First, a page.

Paul L. Caron

Thursday, March 31, 2011

Tax Court: Woman Can Deduct Funds Withdrawn by Abusive Boyfriend

The Tax Court yesterday held that a women could deduct funds withdrawn from her businesses by her abusive boyfriend as theft losses. Herrington v. Commissioner, T.C. Memo. 2011-73 (Mar. 30, 2011);

In 1991 petitioner was working two jobs to support herself and her two young children. One job was as the owner of an H&R Block franchise; the other was in a prison detention center. She had recently divorced, her father had recently died, and her mother had moved into her house to help take care of the children. About this time petitioner became involved with a man working at her H&R Block office, and he moved in with her. She later learned that he had an extensive criminal record and a violent temper.

Petitioner's relationship with the boyfriend was marked by intimidation and physical abuse. When she failed to do his bidding or attempted to leave him, he reacted violently. He once threw her from a moving car. Another time when she threatened to leave him, he placed a gun against her forehead and cocked the hammer. On another occasion, in midwinter, he hit her in the head with a beer bottle and threw her from a boat into a lake. On another occasion, she testified credibly, he "gave me a picture of my daughter with her face shot out, and told me that's what would happen to her if I tried to leave."

At some point after becoming involved with petitioner, the boyfriend obtained a video poker license and opened an establishment in Monroe, Louisiana. After only a few months, he lost his license for misdeeds that included selling liquor to a minor. The boyfriend convinced petitioner to open her own video poker business.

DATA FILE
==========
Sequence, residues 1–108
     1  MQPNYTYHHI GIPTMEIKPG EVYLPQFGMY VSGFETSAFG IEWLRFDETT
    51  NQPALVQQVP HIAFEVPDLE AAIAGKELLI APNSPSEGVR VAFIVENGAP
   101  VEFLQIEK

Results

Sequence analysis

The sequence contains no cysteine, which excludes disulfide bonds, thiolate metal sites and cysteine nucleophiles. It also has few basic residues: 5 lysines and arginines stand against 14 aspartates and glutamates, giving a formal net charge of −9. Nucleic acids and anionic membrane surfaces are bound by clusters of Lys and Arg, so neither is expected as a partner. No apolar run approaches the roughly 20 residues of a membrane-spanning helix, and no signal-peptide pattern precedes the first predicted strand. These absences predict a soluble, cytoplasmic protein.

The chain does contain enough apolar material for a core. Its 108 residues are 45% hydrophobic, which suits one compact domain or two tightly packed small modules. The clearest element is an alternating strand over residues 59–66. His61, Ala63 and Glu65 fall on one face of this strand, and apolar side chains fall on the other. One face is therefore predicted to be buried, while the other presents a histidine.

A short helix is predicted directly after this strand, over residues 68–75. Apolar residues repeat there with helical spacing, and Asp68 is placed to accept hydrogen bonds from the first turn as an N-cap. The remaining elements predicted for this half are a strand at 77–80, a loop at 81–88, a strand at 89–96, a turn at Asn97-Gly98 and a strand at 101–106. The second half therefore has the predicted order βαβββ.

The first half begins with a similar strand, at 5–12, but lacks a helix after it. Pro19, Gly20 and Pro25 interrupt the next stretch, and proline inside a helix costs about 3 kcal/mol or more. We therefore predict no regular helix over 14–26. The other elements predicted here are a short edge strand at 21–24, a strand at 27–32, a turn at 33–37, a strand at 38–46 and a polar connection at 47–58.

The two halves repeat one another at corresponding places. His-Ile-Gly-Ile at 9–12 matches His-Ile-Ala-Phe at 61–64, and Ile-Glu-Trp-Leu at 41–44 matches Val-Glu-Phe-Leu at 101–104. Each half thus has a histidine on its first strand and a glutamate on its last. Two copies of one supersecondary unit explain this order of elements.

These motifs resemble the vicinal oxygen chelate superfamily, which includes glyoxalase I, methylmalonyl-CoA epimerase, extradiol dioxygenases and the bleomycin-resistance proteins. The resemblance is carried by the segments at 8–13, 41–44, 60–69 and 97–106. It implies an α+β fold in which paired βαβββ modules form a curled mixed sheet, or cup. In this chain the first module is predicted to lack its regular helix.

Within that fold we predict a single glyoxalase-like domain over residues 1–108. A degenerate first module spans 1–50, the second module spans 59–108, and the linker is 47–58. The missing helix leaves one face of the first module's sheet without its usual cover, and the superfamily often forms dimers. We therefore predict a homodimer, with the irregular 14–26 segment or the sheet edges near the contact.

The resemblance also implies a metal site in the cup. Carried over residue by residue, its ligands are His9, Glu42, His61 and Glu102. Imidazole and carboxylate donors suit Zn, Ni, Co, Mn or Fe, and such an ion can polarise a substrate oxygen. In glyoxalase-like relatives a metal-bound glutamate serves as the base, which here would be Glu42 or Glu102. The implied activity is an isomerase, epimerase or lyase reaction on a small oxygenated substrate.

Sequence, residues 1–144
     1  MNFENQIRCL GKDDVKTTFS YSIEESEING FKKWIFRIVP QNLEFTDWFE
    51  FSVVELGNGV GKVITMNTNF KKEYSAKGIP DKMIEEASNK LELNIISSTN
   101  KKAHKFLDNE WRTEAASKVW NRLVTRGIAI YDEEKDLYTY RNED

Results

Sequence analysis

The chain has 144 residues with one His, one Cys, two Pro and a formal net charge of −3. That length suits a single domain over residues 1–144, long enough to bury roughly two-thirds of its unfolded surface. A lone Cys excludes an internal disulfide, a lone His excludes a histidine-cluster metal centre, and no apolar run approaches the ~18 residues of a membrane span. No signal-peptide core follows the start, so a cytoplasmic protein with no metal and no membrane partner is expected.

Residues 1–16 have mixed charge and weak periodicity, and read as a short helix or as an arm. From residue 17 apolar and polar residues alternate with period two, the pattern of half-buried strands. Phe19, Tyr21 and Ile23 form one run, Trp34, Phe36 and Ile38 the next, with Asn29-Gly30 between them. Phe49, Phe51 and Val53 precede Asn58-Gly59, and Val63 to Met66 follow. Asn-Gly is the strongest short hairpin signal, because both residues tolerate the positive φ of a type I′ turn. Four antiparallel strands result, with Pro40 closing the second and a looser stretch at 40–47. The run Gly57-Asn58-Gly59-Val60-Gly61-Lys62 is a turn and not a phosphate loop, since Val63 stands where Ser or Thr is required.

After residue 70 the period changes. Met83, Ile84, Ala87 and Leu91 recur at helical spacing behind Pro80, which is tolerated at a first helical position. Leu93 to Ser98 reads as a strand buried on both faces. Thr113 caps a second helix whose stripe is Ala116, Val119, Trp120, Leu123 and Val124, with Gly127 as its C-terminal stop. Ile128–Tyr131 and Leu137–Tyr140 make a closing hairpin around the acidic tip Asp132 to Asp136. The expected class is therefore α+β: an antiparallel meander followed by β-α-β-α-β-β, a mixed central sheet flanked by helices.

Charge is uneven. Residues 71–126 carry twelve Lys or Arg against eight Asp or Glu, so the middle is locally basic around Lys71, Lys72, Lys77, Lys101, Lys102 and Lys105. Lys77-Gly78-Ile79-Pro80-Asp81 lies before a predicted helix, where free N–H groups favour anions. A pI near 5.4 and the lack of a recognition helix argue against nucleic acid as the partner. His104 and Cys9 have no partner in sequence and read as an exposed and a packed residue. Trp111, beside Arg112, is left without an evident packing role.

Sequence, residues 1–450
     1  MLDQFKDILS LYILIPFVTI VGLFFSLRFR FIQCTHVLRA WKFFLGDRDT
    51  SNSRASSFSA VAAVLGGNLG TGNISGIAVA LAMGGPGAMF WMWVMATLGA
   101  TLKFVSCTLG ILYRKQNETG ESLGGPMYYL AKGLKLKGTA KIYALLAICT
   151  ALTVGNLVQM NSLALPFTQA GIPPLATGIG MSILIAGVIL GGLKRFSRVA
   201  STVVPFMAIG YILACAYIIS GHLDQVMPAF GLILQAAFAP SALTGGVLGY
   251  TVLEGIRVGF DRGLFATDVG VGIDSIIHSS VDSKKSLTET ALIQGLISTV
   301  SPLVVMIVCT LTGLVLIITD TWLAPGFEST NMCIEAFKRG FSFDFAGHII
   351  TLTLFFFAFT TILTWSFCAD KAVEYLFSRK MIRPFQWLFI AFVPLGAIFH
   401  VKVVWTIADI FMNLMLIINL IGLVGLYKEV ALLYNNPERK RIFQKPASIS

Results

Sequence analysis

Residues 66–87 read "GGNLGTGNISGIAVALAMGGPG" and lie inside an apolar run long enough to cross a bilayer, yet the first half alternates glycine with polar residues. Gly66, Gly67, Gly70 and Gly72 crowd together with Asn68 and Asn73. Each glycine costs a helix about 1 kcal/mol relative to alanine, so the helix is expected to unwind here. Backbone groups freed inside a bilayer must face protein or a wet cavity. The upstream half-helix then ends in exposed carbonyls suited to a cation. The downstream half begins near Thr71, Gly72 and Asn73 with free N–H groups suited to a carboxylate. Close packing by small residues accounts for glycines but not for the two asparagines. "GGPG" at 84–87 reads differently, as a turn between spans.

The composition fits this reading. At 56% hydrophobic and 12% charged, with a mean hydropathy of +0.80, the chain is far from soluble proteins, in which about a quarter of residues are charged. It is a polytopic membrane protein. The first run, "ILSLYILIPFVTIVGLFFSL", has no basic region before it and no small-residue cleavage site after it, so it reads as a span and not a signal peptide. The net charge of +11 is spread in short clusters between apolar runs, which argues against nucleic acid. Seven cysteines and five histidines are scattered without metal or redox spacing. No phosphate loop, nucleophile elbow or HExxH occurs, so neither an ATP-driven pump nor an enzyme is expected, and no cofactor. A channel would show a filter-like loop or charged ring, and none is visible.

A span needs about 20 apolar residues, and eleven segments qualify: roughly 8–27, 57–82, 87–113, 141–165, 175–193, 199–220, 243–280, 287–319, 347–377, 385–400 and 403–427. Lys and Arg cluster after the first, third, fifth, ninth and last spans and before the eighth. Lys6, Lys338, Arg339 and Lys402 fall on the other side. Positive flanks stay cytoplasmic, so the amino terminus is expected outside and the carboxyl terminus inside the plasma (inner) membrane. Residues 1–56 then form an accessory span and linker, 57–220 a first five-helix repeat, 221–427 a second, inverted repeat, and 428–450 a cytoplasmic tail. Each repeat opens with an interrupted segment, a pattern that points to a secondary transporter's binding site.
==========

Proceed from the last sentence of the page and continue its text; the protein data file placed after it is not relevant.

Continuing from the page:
In 1996 petitioner acquired two video poker licenses in her own name. Because, according to petitioner's testimony, the licenses were required "to be run separately", she opened two sandwich shops next door to each other in Farmerville, Louisiana, each with a video poker machine. Petitioner worked in the shops making sandwiches and dealing with the public. The boyfriend took charge of the finances and the books and had check-signing authority on the business bank accounts. Virtually all the shops' income resulted from video poker revenue.

Petitioner and the boyfriend had no agreement regarding his compensation. Rather, as petitioner testified, he "set his own compensation". He did this by writing checks to himself or to cash, signing either his name or petitioner's name. In this manner he withdrew from petitioner's business accounts $114,000 during 1997 and $96,000 during 1998. He used these funds to pay his personal expenses, including his child support obligations.